“You won't regret it,' Todd Goodyear said.

'That's what you said on Friday – better make sure I don't.'

My case, Clarke was thinking, and my team… and here was her first little bit of recruiting. Maybe it was his naked enthusiasm, reminding her of the cop she'd been, too, once upon a time. Or the notion of rescuing him from his time-serving partner. Then again, with Rebus on the cusp of retirement, a buffer between herself and her remaining colleagues might prove handy…

Being selfish or being kind? she asked herself.

Was it possible for an action to be both?

Roger Anderson had reversed halfway down his drive when he spotted the car blocking the gates. The gates themselves were electric, and had swung open at the push of a button, but there was a Saab on the roadway, stopping him getting out.

'Of all the inconsiderate bloody…' He was wondering which neighbour was responsible. The Archibalds two doors down always seemed to have workmen in or visitors staying. The Graysons across the road had a couple of sons home for the winter from their gap years. Then there were the cold callers and the people dropping leaflets and cards through the door… He sounded the Bentley's horn, which brought his wife to the dining-room window.

Was there someone in the Saab's passenger seat? No… they were in the bloody driving seat! Anderson thumped on the horn a couple more times, then undid his seatbelt and got out, stomping towards the offending vehicle. The window on the driver's side was sliding down, a face peering out at him.

'Oh, it's you.' One of the detectives from last night… Inspector something.

'DI Rebus,' Rebus reminded the banker. 'And how are you this morning, Mr Anderson?'

'Look, Inspector, I do intend coming to your station sometime today…'

'Whenever suits you, sir, but that's not the reason I'm here.'


'After we left you on Friday, we paid a call to the other witness – Miss Sievewright.'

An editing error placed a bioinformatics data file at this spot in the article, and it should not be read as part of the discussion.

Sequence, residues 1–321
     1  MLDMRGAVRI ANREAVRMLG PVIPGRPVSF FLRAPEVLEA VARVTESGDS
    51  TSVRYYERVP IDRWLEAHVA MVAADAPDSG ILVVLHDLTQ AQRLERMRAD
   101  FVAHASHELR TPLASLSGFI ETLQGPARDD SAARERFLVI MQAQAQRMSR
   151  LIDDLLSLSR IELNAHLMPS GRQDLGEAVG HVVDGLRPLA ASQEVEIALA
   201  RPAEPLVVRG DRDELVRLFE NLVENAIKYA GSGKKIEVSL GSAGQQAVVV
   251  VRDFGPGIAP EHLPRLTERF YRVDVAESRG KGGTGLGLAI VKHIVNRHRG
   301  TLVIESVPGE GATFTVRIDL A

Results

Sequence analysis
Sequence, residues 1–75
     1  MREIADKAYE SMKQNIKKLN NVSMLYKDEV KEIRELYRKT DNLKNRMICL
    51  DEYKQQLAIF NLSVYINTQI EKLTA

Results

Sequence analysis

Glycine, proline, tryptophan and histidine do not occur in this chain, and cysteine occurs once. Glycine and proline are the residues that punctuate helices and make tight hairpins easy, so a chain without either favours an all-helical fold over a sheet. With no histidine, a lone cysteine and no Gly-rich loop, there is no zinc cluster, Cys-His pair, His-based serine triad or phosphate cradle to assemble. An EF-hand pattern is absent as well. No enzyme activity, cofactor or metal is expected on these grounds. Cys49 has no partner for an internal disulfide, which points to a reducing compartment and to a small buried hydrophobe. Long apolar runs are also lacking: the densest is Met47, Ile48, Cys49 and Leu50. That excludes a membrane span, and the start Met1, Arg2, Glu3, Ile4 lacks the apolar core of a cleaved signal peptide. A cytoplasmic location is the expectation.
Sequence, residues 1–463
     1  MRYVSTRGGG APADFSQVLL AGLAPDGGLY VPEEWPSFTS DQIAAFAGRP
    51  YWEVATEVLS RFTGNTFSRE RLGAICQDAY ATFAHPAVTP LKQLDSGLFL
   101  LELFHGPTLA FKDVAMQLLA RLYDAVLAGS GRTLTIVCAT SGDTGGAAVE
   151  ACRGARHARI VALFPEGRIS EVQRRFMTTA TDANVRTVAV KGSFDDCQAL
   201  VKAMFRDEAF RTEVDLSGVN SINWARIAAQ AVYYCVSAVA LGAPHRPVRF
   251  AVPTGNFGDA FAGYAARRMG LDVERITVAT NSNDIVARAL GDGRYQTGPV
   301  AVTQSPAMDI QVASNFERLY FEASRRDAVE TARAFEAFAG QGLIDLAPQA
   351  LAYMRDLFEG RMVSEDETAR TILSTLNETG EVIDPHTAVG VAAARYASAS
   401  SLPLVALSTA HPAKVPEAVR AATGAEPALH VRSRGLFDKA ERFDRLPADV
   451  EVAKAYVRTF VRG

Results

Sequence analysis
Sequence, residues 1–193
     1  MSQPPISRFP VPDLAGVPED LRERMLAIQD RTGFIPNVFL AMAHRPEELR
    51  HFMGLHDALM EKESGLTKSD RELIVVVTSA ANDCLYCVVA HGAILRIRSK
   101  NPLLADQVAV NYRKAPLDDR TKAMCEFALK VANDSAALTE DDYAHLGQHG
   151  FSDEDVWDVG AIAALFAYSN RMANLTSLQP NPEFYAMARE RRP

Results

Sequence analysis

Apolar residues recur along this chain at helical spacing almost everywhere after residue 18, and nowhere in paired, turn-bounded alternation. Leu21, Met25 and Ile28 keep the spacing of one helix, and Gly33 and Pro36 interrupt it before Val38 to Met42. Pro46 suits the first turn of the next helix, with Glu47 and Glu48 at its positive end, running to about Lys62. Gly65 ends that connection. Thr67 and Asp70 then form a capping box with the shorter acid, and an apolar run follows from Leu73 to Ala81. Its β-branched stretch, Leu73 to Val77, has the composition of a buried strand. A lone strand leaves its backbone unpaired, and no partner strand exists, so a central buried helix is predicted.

'Oh yes?'

'She told us you'd been to see her.'

'That's right.' Anderson glanced over his shoulder, as if checking his wife was out of earshot.

'Any particular reason, sir?'

'Just wanted to make sure she hadn't suffered any… well, she'd had a nasty shock, hadn't she?'

'Seems you gave her another one, sir.'

Anderson 's cheeks had flushed. 'I only went round there to-'

'So you've said,' Rebus interrupted. 'But what I'm wondering is, how did you know her name and address? She's not in the phone book.'

'The officer told me.'

'DS Clarke?' Rebus was frowning. But Anderson shook his head.

'When our statements were being taken. Or rather, just after.

I'd offered to run her home, you see. He happened to mention her name and Blair Street both.'

'And you wandered up and down Blair Street looking for a buzzer with her name on?'

'I don't see that I've done anything wrong.'

'In which case, I'm sure you'll have told Mrs Anderson all about it.'

'Now look here…'

But Rebus was starting his ignition. 'We'll see you at the station later… and your good lady wife, too, of course.'

He pulled away with the window still open and left it that way for the first few minutes. This time of the morning, he knew the traffic would be sluggish heading back into town. He'd only had the three pints last night, but his head felt gummy. Saturday he'd watched a bit of TV, rueing another obituary – the footballer Ferenc Puskas.

Rebus had been in his teens when the European Cup Final had come to Hampden. Real Madrid against Eintracht Frankfurt, Real winning 7-3. One of the great games, and Puskas one of the greatest players. The young Rebus had found Hungary, the footballer's home country, in an atlas, and had wanted to go there.

Jack Palance, and now Puskas, both gone for ever. That was what happened with heroes.

So: Saturday night at the Oxford Bar, sorrows drowned, any and all conversations forgotten by the next morning. Sunday: laundry and the supermarket, and news that a Russian journalist called Litvinenko had been poisoned in London. That had made Rebus sit up in his chair, increasing the volume on the TV. Gates and Curt had joked about poisoned umbrella tips, but here was

the real-life equivalent. One theory was that a meal in a sushi restaurant had contained the poison, the Russian mafia to blame.

Litvinenko was in hospital under armed guard. Rebus had decided against calling Siobhan; it was just a coincidence after all. He'd been agitated, waking each morning to dread. His last weekend as a serving officer; his last week now beginning. Siobhan had done all right on Friday night, and had even looked a little bit sheepish when explaining that Macrae wanted her spearheading the case.

'Makes sense to me,' was all Rebus had said, getting in the drinks. He thought he knew the way Macrae would be thinking.

Less to this than meets the eye… That was the way Siobhan said he had put it. But it would keep Rebus occupied until retirement day, after which Siobhan would be persuaded to return to route one: a mugging gone wrong.